One More Reason to Oppose Keystone XL Pipeline: Questions about State Department Handling of Review
Posted October 28, 2011
Today I joined several environmental leaders in calling for the State Department to conduct an investigation into the department’s handling of the proposed Keystone XL tar sands pipeline. More than a dozen members of Congress also requested an inquiry into potential conflicts of interest.
Our colleagues at Friends of the Earth examined relevant documents and found that TransCanada, the company behind Keystone XL, was allowed to screen the companies bidding to do the project’s environmental impact study; the company that was chosen listed TransCanada as a “major client.” It also does business for many of the same oil companies that stand to benefit from the pipeline.
Meanwhile, State Department officials coached TransCanada on messaging—and seemed to be in cahoots with them on skirting safety protections. From the start, they have shown a disposition towards the pipeline proponents at the expense of public – exemplified by the Secretary’s comments a year ago that she was “inclined” to approve it.
The Keystone XL pipeline is a massive, destructive proposal and the more we learn about it, the more objections we have. Now those concerned about integrity in government are joining the many other Americans opposed to this dangerous project.
Citizens alarmed by climate change do not want the Keystone XL pipeline to lock America into decades of one of the dirtiest, most carbon-intensive fuels on the planet.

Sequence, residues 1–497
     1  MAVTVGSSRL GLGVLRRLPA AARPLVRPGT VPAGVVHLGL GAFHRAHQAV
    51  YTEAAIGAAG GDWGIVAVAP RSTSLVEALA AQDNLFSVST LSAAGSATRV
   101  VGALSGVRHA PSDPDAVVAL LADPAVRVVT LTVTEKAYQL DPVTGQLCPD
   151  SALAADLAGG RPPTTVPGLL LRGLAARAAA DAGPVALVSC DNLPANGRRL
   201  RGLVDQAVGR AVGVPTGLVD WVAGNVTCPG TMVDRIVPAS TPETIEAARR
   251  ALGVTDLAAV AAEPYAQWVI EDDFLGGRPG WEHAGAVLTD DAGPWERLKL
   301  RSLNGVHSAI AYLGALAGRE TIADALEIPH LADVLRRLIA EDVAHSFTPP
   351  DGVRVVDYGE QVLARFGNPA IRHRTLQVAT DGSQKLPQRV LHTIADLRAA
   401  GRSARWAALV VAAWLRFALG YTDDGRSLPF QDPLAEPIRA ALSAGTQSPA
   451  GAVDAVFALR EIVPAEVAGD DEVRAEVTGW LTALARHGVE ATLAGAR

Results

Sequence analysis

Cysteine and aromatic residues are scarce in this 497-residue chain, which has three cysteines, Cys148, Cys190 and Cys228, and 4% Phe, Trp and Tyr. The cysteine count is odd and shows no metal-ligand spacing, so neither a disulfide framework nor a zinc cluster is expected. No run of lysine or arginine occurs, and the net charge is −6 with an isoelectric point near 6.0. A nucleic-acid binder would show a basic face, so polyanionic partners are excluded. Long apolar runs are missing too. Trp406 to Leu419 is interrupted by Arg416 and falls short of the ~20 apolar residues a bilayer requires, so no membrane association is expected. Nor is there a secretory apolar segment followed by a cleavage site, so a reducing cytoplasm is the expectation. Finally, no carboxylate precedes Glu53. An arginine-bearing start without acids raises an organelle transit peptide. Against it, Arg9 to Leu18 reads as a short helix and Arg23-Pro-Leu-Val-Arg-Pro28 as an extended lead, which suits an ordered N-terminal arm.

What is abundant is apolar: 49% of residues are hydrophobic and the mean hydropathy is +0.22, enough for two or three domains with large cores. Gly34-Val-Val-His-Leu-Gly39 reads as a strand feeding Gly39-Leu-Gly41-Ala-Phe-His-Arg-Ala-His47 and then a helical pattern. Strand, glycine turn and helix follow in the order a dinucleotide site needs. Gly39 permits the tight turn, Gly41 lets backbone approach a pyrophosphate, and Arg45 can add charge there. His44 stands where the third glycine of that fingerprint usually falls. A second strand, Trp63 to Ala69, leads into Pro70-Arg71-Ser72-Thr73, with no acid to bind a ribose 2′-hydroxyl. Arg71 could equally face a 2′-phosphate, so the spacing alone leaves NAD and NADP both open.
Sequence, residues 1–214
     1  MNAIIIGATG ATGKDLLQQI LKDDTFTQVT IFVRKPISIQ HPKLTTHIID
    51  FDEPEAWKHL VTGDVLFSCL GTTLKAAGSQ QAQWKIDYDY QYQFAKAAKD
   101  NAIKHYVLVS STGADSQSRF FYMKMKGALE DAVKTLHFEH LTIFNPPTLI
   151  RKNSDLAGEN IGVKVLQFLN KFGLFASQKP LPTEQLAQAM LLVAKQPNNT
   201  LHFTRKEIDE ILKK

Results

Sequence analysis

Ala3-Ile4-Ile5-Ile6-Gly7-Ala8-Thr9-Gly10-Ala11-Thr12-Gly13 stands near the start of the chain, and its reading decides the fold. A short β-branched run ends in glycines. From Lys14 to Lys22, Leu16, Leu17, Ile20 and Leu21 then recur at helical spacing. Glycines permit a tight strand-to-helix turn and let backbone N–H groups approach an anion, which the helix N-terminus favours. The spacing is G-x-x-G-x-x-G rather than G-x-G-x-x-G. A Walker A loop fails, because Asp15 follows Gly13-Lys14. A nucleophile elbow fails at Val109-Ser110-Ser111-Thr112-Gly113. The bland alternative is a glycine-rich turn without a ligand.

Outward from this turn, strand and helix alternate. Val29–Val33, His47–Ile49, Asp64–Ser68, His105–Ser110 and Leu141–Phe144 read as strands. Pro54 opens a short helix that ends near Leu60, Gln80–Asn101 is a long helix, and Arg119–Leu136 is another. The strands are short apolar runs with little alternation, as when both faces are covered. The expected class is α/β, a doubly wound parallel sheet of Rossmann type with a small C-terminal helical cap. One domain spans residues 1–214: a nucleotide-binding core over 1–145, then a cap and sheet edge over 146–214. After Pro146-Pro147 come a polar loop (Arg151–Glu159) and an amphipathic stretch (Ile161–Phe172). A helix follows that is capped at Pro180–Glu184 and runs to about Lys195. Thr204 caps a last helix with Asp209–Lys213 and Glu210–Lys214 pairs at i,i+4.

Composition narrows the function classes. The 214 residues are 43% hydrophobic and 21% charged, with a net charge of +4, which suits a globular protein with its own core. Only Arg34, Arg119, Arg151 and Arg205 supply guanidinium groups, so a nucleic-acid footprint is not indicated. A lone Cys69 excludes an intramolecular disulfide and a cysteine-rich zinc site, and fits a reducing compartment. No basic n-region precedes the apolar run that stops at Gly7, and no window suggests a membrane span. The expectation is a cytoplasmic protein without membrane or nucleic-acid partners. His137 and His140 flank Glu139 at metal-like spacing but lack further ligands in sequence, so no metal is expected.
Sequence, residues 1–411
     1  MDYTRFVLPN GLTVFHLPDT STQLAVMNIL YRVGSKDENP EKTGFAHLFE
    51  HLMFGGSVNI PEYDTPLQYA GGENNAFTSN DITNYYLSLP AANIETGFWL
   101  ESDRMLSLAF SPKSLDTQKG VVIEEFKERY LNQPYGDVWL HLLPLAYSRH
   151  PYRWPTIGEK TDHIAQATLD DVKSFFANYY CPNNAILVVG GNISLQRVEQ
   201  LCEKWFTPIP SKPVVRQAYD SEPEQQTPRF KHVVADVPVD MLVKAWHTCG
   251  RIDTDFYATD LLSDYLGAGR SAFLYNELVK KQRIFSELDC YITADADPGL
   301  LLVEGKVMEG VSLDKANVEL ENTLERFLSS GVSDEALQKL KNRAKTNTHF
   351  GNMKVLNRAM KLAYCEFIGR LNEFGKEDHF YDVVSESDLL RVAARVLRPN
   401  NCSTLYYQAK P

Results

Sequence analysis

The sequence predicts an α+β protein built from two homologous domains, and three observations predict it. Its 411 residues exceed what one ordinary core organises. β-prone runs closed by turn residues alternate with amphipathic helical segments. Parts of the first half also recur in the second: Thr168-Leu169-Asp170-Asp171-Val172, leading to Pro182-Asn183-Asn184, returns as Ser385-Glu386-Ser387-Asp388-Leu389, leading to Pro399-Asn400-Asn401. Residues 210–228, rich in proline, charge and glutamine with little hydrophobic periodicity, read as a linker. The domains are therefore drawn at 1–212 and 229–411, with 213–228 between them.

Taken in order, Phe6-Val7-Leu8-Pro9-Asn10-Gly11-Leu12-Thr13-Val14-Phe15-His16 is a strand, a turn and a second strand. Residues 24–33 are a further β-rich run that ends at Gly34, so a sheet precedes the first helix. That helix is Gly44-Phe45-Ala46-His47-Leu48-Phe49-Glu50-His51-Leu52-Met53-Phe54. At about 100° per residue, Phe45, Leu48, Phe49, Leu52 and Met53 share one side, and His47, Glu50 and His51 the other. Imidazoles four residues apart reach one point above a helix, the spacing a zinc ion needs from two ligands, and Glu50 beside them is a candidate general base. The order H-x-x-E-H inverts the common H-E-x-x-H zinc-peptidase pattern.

Farmers, ranchers, and businesspeople living along Keystone XL’s route do not want to put their communities, rangeland, and water supply at risk of pipeline eruptions.
And national security experts are speaking out about the danger of deepening America’s fossil fuel addiction with tar sands oil. Retired Army Brigadier General Steven M. Anderson wrote a powerful piece in The Hill that the pipeline the “will comfort our enemies.” He refutes TransCanada’s claims that the pipeline will enhance America’s national security and says:
This pipeline would move dirty oil from Canada to refineries in Texas and would set back our renewable energy efforts for at least two decades, much to our enemies’ delight.
Whose assessment of national security would you believe: The foreign oil company that stands to profit by exporting tar sands oil to Asia and Europe? Or the American general who served as the military’s senior logistician in Iraq in 2006 and 2007?
The drumbeat of opposition to the Keystone XL pipeline is growing louder and louder. Citizens are asking their elected officials about it at town hall meetings, and President Obama has been met with protests and questions from a range of constituents – from high donors to students as he travels the country.
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